Gary Fort Langley, BC
To reply please remove...yoursocks...
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but I

Not worth the effort trying to find him again, although he had the personal characteristics necessary for a lively career and wide readership on newsgroups: opinionated, prone to misinterpretation and exaggeration, and easily insulted by contradiction. I believe the composter sale was sponsored by the City as part of a program to reduce landfill, although Calgary has adequate landfill space to meet its needs for some time in the future.
As for me, my soil has so much clay the earthworms are cyanotic, so I almost have to compost if I want to garden.
Dora
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On 6/21/04 3:56 PM, in article snipped-for-privacy@mb-m04.aol.com,

Yes, but then what? And then when all the landfills are filled...just where do we put the 'stuff'? Oh, send it here, there and the other place...and then what!? Just what do we do with it? When all the landfills are full?

'Cyanotic'? What does this mean?
Gary Fort Langley, BC Canada
PS: Clay can be good because it holds much of the nutrients that plants need....:)
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A blue tone or cast about them. :)
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Turn it into parkland as was done at Centennial Park in Toronto. A massive pile of garbage was collected, covered, sodded, vented and has now been for several decades a ski/toboggan hill which is the centrepiece of a 435 park.
Jim
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True enough. It just buys time to turn public practises around. I believe Toronto's landfills were full about 10 years ago. FYI The Clean Calgary program: http://www.cleancalgary.com /

Too much of a good thing then. I need to buy a sack of grit too. Cyanotic is used in medical terminology to refer to tissues which have turned blue, usually from lack of oxygen. Dora
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gary davis wrote:

Cyanotic means "blue" from lack of oxygen....
amy
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On 6/22/04 6:27 PM, in article snipped-for-privacy@corp.supernews.com, "Amy D"

I am a 'sort of' a fisherman and I have found most of the 'dew' worms live in clay soil. I'm thinking that the impervious nature of clay protects them from the earthly mole. How a worm could by cyanotic??? I'm not sure. I have yet to see a blue worm...I have, however, seen a green worm...Irish I would think...emigrated to Canada! Gary Fort Langley, BC Canada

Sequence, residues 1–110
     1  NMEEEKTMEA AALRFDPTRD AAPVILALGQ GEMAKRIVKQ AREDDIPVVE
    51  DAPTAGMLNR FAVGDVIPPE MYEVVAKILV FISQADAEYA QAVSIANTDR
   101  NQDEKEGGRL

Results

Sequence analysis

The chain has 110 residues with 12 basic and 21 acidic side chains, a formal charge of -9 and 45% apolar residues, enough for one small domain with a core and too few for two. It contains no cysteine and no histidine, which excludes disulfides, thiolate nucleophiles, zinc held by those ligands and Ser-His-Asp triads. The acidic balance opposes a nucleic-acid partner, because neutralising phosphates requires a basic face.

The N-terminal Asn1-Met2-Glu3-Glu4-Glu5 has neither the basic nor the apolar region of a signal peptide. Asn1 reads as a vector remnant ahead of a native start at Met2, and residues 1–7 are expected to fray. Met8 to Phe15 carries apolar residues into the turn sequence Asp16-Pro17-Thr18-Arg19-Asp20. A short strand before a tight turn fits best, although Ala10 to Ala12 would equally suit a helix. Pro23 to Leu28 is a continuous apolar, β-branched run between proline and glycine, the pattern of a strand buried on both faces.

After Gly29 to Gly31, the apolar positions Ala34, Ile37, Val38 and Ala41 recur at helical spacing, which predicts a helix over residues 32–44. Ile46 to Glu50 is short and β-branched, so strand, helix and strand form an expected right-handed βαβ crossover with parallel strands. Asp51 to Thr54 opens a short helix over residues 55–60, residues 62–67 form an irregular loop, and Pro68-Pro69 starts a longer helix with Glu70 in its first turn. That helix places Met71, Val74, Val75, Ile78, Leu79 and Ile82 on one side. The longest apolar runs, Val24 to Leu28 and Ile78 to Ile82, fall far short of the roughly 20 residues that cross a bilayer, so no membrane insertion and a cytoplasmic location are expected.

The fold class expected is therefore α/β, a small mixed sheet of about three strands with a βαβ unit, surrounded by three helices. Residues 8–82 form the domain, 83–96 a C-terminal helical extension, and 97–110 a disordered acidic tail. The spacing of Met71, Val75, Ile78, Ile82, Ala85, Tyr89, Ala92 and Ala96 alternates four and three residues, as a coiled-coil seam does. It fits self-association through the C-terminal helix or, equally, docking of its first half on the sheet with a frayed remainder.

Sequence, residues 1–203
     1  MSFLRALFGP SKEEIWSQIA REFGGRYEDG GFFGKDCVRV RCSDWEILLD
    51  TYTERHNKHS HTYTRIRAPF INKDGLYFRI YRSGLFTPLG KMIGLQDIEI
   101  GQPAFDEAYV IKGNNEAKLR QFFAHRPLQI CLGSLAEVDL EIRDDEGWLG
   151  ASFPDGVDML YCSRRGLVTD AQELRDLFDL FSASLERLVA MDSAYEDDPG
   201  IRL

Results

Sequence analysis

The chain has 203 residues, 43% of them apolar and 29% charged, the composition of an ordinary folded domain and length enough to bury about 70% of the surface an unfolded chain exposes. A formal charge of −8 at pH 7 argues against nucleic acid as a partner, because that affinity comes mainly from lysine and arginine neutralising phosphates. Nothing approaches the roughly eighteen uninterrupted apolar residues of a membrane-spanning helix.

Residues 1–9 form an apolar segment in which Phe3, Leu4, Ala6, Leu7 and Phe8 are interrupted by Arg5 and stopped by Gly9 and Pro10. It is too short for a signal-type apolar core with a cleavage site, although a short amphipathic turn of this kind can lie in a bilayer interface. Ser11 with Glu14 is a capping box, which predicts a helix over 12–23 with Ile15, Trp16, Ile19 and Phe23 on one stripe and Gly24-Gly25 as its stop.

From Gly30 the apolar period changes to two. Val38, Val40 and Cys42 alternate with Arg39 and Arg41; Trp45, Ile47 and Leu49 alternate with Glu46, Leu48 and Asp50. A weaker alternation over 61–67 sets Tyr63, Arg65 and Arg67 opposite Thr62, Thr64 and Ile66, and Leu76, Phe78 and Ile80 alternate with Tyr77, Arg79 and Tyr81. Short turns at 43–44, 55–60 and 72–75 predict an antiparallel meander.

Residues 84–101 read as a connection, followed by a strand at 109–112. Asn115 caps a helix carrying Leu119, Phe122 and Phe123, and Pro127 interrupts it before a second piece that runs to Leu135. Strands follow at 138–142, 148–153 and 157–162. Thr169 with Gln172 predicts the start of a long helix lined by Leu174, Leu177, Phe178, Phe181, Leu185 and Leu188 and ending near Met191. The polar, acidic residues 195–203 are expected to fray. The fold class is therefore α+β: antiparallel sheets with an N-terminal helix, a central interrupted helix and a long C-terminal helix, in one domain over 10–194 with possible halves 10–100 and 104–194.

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If they like clay soil, that explains why I hit one every time I dig in. No moles, although the cats would like that, I suppose. The lawn is very very bumpy from nightcrawlers, so I topdressed with compost this and reseeded. I don't think I would do the whole yard again. It's too hard to avoid walking on the reseeded portion for the length of time it takes for grass seed to sprout.
As for my earth worms, the ones in my compost are definitely pinker than the ones I dig out of the soil. Just an observation, not a diagnosis. Dora2
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lol... I got one of those too! (Gift for fathers day) reading through the book that came with it - dryer lint and hair is considered "brown"...
I have never heard of anyone putting bone meal in their compost, but when I was a kid - everything not including leftovers went into the compost pile - (we had a big yard).
take care Liz
On 20 Jun 2004 03:58:55 GMT, snipped-for-privacy@aol.comnospam (Bungadora) wrote:

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Hi Liz, I've talked to you a couple of times on the local group, I think.
He said bone meal was necessary for the process to start, and I knew that wasn't true, but I thought there must be a reason why he would come up with such a bizarre statement, and soil acidity was the only reason I could think of for mixing in bone meal.
He also said there are no nice flowers here, which I thought was a bit presumptuous. There are no bad flowers. Mind you, after a few flings with exotics, I began to see the benefits of petunias and geraniums. Tough as snot. Dora
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Well, it takes a little while for things to break down, gardening is not one of those "instant gratification" things - although growing spinach and radishes sure come close.
I have taken to perenials! I like the idea of blooms just after or even during the last snowfall of the season! I haven't tested soil here, but it has alot of rocks a couple of inches down.
take care Liz
On 21 Jun 2004 23:09:52 GMT, snipped-for-privacy@aol.comnospam (Bungadora) wrote: